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  12. checkraiseulite

    checkraiseulite All Australian

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    Wondering if people can provide insight as to what's the ideal answer for this particular behavioural question I had recently during a job application.

    Colleague X has been struggling with work and you and a couple of other colleagues have been helping her manage without alerting management. Colleague X has since been singled out for praise from management and offered a promotion.

    What do you do?

    (A) Do nothing, you'd expect colleague X to say nothing if the situation was reversed.
    (B) Talk to colleagues and tell them that you should stop helping colleague X.
    (C) Go to colleague X with your concerns and get her to talk to management about it.
    (D) Go directly to management with your concerns.

    Irrespective of what I'd actually do, I think the ideal answer is C right?
  13. SmackAdder

    SmackAdder BFSC Platinum

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    Ideal is C, yes, although I expect A happens in a lot of workplaces.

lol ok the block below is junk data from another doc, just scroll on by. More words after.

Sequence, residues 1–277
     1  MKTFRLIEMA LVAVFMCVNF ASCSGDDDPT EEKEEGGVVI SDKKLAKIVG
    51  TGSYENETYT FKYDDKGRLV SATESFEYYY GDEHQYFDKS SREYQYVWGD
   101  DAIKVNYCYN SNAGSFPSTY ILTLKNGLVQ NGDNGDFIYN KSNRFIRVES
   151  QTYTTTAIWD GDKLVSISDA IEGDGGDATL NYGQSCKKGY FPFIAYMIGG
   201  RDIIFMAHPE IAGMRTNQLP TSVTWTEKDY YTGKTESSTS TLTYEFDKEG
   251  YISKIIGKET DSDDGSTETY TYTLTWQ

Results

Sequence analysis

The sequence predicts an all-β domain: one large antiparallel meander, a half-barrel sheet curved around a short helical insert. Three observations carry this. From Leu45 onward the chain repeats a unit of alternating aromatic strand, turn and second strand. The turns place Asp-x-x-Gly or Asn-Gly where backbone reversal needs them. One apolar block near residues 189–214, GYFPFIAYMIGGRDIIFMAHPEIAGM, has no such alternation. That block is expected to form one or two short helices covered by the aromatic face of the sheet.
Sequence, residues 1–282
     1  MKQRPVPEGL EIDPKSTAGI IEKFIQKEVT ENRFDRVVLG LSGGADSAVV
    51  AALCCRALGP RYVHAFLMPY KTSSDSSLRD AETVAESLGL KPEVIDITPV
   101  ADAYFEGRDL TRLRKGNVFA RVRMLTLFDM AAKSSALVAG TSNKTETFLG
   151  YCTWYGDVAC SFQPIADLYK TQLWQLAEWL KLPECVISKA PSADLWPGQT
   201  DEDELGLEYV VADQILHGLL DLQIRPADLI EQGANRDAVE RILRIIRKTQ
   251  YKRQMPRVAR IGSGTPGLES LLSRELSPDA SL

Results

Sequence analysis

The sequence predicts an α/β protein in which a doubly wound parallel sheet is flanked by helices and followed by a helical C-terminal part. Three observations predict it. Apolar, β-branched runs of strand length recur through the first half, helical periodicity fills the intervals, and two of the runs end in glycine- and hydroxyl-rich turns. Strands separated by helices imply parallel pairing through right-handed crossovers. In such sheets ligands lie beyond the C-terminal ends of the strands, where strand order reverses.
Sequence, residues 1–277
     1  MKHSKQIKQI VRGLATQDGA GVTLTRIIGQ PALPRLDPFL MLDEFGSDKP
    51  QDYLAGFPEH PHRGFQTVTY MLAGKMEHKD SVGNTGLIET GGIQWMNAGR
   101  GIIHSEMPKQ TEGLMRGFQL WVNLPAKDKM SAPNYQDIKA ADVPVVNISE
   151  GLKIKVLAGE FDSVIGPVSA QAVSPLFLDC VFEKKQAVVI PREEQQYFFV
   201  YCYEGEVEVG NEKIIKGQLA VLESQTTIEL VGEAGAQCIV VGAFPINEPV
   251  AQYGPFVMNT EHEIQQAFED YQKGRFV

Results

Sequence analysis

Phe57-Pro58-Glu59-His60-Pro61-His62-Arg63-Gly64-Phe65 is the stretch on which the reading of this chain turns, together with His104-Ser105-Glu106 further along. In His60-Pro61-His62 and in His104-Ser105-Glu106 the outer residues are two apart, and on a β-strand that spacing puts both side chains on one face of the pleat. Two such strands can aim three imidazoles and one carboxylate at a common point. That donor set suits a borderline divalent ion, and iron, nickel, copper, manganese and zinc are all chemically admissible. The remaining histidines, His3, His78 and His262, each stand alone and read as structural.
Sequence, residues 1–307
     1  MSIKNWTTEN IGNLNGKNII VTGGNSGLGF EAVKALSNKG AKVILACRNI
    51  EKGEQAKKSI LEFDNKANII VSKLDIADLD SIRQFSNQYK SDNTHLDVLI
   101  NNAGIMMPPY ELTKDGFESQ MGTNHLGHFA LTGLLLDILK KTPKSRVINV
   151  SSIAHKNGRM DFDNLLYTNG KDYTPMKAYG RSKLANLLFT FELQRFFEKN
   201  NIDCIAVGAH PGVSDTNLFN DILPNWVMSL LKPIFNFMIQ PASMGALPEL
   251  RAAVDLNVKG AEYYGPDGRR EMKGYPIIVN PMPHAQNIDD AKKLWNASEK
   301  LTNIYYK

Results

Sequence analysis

On a sidenote, doesn't the fact that it's multiple choice defeat the purpose of a behavioural question?
  14. Crimson Azure

    Crimson Azure Moderator

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    It does to some extent but your response gives enough direction as to how you respond & thought process.

    This is what I'd take from the response to the questions:

    A - Self interest & lack of concern for the employer.
    B - Team player or not?
    C - concern for both the employer & reward for effort.
    D - Avoid the situation & lack of concern for the fellow employee.
  15. skadoosh

    skadoosh All Australian

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    Hi there
    Are you able to answer a question about international students looking for work after graduating?
  16. SmackAdder

    SmackAdder BFSC Platinum